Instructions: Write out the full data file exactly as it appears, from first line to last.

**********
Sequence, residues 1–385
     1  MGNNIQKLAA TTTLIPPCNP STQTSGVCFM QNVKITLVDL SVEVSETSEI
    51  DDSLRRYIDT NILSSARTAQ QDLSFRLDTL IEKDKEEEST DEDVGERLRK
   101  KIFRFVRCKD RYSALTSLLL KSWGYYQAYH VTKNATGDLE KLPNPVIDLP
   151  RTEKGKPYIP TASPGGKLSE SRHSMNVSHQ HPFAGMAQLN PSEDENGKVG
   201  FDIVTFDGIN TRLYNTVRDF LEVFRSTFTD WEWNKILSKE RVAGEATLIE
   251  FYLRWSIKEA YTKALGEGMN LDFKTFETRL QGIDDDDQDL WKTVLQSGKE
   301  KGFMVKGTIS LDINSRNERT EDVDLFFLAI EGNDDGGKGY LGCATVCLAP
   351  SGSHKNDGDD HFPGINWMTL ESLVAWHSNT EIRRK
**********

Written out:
Sequence, residues 1–385
     1  MGNNIQKLAA TTTLIPPCNP STQTSGVCFM QNVKITLVDL SVEVSETSEI
    51  DDSLRRYIDT NILSSARTAQ QDLSFRLDTL IEKDKEEEST DEDVGERLRK
   101  KIFRFVRCKD RYSALTSLLL KSWGYYQAYH VTKNATGDLE KLPNPVIDLP
   151  RTEKGKPYIP TASPGGKLSE SRHSMNVSHQ HPFAGMAQLN PSEDENGKVG
   201  FDIVTFDGIN TRLYNTVRDF LEVFRSTFTD WEWNKILSKE RVAGEATLIE
   251  FYLRWSIKEA YTKALGEGMN LDFKTFETRL QGIDDDDQDL WKTVLQSGKE
   301  KGFMVKGTIS LDINSRNERT EDVDLFFLAI EGNDDGGKGY LGCATVCLAP
   351  SGSHKNDGDD HFPGINWMTL ESLVAWHSNT EIRRK